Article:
How Is James Franklin Having Such Quick Recruiting Success at Penn State?

Michael FelderNational CFB Lead WriterJanuary 29, 2014

Penn State's new football coach, James Franklin, poses for photos after he was introduced Saturday, Jan. 11, 2014, in State College, Pa. From left in back are Penn State athletic director David Joyner; Franklin; his wife, Fumi Franklin; and Penn State President Rodney Erickson. The Franklins' children, Shola, 6, left, and Addison, 5, are in front. (AP Photo/John Beale)
John Beale/Associated Press

James Franklin is continuing the process started by Bill O'Brien at Penn State, and he's seeing early success on the recruiting trail because the man knows how to sell himself. The new coach is working himself into the program and between previous commits and new commits, he is letting the players know he is the guy.

Not the guy who is going to be the next Joe Paterno. Not the guy who is going to be at Penn State for the next 100 years. But, rather, he is the guy for these players to commit to during the process.

John Beale/Associated Press

Franklin was hired during the second week of January. With Penn State set to start classes on Jan. 13, his first order was making sure the expected early enrollees were in the boat. Other coaches have failed to seal this deal, but Franklin, officially hired on Jan. 11, was able to keep five from heading elsewhere.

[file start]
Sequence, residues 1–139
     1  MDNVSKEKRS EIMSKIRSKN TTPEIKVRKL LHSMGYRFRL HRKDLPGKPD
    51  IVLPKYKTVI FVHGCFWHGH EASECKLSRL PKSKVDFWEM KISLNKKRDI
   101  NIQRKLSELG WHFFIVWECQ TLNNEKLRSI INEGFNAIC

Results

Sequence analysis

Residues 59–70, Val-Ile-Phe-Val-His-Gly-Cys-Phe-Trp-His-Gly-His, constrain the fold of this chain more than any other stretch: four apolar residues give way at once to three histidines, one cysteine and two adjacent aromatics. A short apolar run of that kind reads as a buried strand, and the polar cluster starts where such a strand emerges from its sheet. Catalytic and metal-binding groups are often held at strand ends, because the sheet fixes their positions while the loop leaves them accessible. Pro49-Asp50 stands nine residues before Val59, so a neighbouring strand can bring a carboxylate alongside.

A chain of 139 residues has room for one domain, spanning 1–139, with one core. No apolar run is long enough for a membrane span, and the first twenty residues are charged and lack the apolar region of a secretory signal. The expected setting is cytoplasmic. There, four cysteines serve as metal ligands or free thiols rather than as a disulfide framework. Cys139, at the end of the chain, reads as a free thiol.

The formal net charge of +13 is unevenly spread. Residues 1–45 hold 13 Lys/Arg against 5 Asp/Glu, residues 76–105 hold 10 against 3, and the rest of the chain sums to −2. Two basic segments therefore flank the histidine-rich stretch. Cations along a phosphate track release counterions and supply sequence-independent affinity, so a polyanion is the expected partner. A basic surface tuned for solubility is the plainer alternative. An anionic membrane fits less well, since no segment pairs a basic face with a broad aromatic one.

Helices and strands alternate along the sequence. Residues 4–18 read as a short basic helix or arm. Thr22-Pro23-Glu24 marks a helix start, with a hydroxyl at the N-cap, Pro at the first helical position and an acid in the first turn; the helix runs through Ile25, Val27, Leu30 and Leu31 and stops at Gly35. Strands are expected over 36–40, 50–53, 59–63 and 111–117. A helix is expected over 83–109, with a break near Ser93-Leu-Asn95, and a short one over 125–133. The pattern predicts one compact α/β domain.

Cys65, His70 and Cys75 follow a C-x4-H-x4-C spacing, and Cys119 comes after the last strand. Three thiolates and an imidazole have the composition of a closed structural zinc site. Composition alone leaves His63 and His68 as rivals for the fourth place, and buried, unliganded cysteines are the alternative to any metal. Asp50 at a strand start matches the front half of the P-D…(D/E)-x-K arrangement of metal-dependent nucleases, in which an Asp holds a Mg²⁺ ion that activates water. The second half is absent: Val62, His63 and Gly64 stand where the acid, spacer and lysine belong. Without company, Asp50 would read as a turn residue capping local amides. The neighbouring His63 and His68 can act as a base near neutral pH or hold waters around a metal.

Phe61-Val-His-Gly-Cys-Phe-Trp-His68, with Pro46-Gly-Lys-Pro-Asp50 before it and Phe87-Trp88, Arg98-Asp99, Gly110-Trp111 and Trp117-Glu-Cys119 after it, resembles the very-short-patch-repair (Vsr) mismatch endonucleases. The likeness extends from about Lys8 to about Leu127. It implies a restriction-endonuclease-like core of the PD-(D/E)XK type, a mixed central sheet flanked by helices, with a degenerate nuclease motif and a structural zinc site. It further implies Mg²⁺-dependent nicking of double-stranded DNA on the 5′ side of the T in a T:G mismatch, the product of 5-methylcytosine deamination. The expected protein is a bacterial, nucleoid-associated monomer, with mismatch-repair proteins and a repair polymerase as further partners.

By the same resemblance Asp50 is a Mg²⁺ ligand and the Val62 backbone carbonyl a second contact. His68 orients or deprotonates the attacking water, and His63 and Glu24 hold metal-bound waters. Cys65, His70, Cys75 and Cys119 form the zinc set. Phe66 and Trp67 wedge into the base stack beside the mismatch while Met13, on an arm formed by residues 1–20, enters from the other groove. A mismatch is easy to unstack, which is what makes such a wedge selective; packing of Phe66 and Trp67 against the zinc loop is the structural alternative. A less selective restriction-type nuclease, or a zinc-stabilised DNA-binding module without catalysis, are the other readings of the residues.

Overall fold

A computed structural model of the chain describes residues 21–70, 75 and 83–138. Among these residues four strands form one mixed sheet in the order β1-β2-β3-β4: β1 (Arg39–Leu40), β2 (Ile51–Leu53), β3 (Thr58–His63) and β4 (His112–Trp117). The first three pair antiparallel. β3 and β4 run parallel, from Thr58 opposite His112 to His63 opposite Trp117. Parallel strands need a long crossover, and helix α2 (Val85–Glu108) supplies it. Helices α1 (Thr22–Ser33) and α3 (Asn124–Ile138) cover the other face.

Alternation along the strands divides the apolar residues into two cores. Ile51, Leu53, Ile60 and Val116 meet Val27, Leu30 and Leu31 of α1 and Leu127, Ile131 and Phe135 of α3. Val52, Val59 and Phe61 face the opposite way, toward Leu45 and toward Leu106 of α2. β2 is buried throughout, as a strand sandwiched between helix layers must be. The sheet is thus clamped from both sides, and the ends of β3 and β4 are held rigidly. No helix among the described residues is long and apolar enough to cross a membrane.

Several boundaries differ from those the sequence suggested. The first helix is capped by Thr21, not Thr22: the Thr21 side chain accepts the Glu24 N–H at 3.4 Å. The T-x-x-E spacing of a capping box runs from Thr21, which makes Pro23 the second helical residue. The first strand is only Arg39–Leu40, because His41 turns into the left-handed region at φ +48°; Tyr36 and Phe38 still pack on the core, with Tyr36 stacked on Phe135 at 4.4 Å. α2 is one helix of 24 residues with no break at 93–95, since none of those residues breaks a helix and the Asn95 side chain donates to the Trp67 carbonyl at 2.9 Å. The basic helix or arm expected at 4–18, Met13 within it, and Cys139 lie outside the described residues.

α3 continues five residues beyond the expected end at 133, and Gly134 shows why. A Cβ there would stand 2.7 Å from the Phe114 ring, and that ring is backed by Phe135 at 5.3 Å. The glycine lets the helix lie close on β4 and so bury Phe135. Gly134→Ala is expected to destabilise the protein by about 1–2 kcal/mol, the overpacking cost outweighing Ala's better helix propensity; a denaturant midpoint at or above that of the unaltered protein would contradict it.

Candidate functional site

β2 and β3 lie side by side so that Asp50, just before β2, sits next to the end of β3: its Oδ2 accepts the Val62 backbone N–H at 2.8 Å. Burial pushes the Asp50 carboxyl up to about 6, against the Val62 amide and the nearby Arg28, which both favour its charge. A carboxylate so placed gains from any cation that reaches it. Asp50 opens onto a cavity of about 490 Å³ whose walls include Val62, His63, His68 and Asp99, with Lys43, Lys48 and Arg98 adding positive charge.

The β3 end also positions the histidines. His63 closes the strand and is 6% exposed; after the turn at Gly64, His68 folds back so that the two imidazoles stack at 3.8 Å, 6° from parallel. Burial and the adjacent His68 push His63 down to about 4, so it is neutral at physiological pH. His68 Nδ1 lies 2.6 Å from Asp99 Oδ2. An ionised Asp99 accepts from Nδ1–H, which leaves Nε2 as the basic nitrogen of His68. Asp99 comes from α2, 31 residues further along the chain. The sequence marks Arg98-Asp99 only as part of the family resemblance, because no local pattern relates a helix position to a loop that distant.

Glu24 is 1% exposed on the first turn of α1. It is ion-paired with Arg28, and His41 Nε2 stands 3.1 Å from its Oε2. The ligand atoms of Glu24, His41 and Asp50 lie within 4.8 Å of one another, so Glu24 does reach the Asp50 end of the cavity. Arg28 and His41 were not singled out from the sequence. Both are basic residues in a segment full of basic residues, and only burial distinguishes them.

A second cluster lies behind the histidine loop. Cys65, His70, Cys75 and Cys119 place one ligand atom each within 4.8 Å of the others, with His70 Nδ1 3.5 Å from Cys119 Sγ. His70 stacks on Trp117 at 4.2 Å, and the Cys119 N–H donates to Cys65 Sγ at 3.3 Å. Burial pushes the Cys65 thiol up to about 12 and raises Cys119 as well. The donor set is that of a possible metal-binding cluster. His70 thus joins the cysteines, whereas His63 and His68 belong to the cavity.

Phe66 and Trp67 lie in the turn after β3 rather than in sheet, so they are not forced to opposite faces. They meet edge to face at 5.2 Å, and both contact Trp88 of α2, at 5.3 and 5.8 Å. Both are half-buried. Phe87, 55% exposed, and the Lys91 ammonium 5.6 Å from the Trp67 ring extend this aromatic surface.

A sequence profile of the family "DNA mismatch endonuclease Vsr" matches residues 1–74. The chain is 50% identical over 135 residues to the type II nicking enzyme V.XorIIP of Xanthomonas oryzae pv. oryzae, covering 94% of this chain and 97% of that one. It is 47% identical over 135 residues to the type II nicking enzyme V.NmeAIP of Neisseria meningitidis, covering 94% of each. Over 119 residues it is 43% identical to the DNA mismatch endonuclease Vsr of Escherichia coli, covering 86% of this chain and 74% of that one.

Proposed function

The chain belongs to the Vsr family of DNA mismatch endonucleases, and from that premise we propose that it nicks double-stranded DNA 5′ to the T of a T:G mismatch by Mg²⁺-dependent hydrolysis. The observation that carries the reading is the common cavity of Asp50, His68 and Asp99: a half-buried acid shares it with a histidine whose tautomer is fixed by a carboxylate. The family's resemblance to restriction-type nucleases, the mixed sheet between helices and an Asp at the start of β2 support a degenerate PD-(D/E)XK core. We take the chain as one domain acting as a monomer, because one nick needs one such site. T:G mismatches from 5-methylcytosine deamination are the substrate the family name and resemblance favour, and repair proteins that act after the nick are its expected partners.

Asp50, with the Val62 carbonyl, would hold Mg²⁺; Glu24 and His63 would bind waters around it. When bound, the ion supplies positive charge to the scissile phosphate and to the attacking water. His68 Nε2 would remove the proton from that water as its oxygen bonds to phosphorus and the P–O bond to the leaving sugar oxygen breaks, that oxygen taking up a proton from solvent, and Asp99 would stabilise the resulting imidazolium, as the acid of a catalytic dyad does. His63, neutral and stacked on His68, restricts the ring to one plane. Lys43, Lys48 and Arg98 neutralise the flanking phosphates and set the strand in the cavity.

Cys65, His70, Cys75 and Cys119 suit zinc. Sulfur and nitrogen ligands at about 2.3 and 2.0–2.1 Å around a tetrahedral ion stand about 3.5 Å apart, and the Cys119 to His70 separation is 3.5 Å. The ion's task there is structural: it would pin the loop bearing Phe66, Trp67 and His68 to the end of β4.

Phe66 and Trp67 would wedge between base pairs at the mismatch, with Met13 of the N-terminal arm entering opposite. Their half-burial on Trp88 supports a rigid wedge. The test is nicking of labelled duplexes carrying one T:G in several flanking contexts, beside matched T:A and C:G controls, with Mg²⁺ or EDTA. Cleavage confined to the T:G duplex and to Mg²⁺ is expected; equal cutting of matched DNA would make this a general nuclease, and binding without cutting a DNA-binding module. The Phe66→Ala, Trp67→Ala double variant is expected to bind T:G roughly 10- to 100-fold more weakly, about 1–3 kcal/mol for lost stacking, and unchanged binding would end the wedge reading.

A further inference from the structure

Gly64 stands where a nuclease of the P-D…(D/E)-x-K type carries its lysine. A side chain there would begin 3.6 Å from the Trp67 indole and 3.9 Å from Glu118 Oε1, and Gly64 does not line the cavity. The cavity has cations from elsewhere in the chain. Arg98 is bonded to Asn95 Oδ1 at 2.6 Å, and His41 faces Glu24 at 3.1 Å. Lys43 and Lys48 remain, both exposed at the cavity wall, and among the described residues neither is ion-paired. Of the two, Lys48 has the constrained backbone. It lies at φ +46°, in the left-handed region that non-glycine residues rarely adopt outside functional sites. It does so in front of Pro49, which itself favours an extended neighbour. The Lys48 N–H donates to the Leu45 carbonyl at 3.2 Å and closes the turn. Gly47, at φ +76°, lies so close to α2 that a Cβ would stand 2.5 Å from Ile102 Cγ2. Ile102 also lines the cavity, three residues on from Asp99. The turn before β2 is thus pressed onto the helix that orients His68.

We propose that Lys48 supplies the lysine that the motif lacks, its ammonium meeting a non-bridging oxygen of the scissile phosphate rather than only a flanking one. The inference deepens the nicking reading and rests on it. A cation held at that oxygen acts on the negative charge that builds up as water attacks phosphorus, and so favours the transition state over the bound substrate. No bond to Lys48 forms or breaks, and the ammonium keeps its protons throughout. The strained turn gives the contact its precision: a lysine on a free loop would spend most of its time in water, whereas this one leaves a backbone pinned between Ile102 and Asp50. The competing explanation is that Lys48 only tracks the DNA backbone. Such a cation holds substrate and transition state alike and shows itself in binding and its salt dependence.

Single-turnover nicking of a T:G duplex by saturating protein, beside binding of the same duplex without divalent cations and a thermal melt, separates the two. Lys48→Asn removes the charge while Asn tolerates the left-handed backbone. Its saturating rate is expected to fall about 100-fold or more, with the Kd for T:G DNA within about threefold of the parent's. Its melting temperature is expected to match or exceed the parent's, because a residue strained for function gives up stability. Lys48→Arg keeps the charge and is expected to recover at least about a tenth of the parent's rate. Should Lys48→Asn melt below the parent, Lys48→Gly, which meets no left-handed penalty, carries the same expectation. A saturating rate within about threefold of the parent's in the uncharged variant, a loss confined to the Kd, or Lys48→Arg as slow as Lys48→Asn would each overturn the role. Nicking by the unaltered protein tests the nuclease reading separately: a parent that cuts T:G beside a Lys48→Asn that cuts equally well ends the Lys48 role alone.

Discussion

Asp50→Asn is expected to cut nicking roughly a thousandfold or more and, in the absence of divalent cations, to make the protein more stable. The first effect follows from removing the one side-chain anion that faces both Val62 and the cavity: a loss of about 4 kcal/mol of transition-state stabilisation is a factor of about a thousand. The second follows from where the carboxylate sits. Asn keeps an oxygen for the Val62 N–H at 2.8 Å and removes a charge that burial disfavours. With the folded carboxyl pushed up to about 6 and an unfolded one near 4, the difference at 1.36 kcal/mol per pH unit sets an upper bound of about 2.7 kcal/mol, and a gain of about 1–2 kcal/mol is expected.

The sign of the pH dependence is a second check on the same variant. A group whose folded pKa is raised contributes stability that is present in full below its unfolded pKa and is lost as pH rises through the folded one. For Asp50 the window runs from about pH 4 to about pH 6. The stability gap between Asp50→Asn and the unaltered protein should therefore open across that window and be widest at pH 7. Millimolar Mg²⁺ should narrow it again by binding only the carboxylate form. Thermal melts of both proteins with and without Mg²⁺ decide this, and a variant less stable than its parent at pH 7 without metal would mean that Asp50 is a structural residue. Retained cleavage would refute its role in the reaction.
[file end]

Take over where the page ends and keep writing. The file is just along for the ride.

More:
However, the big sell would be on filling out a class heading into signing day. There was a major defection in 5-star defensive tackle Thomas Holley, but Franklin was able to continue selling himself. The new head coach has not only kept longtime commits such as Chris Godwin and Mike Gesicki, he's added players such as Koa Farmer and 4-star receiver Saeed Blacknall.

Franklin also added five of his former Vanderbilt commits to the mix to help flesh out the class.

It is not just the amount, 23, of commitments that speak to the coach's ability to sell. It is also about where these kids are coming from. Penn State has long held a presence in the Mid-Atlantic region, and Franklin's triumphant return has only served to strengthen that connection. He knows Virginia, D.C., Maryland and moving up into Delaware and New Jersey thanks to his years at Maryland.

Whether it is the previously committed players, the flips from Vanderbilt or new commits, Franklin is selling himself and his staffand that is his recipe for success. The coach said as much during an interview shortly after he took the Penn State job. 

"I know that I've been sitting in living rooms with families and kids, and selling them on a dream and selling them on a vision and our relationship. And I think a lot of people say kids should commit to a school, not a coach. But the reality is they do. Families and kids, they want to make sure their son is going to be taken care of and it's about the relationship aspect."

That was Franklin on The Dan Patrick Show, speaking directly to his approach. His staff, his personality and his relationship with kids and their families are what matter in recruiting. The school comes after him and the personal connections made in recruiting. While some do not like to hear it, the coach is right in that respect and that method works to ensure Franklin success regardless of where he lands.

Fortunately for Penn State folks, that landing spot is in Happy Valley, where Franklin's ability to forge strong connections with recruits will remain a positive for the program as long as the two entities remain linked.